The project is reaching its end and we are reaching our goals. The work on the importer is at its end and the exporter should be almost finished.
Currently we can load a model from a wavefront obj file and read which textures goes where from the mtl file.
(Special thanks to dragon_child for uploading the original model)
We are finalizing the work on the exporter. When exporting we generate a ‘texture’ containing all the colours of all the voxels. The UV coordinate of each voxel is set so it matches the colour on said texture. It should be visually seen next when when it’s actually done.
- support for undo and redo in the editor
- some small changes to prevent some memory leaks.
We are progressing a bit faster than expected. The major features of the exporter and importer is already complete.
Here is a model (special thanks to tf3dm.com and the user 3dregenerator for uploading it)
Here is the model imported into our program.
That didn’t look right. The bicycle is so small we have to scale it. Here is the resizing progress.
Looks pretty good. Except for the lack of textures and blocky shape. That is for next weeks work.
For now we have to make do with colouring it ourselves.
We have added a custom colour picker to the editor that can store and edit the current colour using HSV(hue, saturation, value).
Qt had a built in colour picker dialog, but it had some bugs that were not fixed in the latest version of Qt.
We can also save and load models using our own format, without loss of quality or colours.
The editor has many new features, such as:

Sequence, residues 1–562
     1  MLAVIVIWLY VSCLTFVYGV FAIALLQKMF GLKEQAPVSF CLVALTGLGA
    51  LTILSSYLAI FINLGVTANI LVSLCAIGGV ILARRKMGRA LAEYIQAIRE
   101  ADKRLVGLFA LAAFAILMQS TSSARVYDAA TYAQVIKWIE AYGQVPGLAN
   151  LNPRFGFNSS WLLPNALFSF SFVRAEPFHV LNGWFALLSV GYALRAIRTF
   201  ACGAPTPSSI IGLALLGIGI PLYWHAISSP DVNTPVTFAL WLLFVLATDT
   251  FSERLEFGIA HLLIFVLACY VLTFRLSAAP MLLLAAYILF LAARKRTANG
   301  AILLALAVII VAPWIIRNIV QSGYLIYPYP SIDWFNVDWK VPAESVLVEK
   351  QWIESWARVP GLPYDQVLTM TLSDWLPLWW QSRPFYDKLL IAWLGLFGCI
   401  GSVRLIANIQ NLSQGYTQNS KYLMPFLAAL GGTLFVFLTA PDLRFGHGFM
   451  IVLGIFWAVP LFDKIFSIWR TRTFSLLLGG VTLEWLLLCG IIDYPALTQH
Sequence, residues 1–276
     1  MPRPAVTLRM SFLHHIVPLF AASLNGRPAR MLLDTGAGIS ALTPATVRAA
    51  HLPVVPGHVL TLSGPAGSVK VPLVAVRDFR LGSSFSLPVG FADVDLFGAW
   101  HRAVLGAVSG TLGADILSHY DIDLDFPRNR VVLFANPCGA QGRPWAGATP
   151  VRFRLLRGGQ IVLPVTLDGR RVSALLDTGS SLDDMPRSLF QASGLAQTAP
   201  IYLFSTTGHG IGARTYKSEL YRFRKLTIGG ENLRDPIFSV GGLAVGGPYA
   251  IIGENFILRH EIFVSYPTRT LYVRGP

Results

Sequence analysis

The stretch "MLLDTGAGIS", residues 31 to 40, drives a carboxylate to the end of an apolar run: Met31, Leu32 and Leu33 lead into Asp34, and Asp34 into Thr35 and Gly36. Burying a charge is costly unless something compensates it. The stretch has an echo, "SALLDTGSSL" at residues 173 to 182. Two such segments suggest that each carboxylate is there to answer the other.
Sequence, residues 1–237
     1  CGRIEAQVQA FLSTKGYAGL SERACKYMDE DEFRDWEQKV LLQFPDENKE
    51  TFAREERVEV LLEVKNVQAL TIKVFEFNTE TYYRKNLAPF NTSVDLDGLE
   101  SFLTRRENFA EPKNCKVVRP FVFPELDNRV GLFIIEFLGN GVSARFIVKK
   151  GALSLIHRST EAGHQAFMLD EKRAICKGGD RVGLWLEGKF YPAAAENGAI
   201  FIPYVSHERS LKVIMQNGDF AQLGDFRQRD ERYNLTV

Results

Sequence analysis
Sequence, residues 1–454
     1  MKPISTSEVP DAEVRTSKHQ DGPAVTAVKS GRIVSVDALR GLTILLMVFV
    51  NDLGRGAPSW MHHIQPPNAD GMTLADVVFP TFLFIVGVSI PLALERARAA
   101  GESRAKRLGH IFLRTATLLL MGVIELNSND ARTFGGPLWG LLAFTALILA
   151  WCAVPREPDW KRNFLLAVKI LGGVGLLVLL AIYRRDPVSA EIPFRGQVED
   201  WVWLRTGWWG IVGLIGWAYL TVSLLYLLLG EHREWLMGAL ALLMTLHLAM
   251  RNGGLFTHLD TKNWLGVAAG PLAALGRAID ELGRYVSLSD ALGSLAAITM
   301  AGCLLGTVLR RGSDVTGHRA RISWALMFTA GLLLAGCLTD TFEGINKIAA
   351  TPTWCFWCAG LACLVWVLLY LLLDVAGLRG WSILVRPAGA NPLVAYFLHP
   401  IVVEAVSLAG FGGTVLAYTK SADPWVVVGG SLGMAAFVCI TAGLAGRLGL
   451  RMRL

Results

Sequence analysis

- Changes and fixes to make the program more user friendly
- Paint mode
- Add/Remove large amount of voxels at the same time
- Can receive the colour of selected cube
This week we have started on, and finished shaders.
In the future we probably want to add some kind of reflection on the voxels.
The work on the exporter has begun. Currently we can export vertices, UVs and normals. The UV is not editable in the editor and the exporter does not support it (yet?).
The first picture below shows the model in the editor.
And this picture shows the model loaded in another program. Oops, looks like different chunks mess up the location of the voxels.
After a little more work we got it working. Here is the model in Maya.
We do want to minimize the number of faces (vertices), which means the smaller voxels (seen in the picture with our model in Maya) will be merged into a larger one.
We have created a prototype that can handle voxels by adding or removing them with the help of a dynamic brush that specifies the area.
The large red cubes are the chunks. The cubes within are the voxels.
When a voxel is placed, the chunk is calculating its mesh. So all the voxels aren’t drawn, but only the faces pointing out.
We have prioritized performance much less. Since we’ll only make a voxel modeller we don’t really need to support an arbitrary size of voxels on each direction. It has and will save us a lot of developing time.
The full report on all these issues can be seen in our analysis in MS2.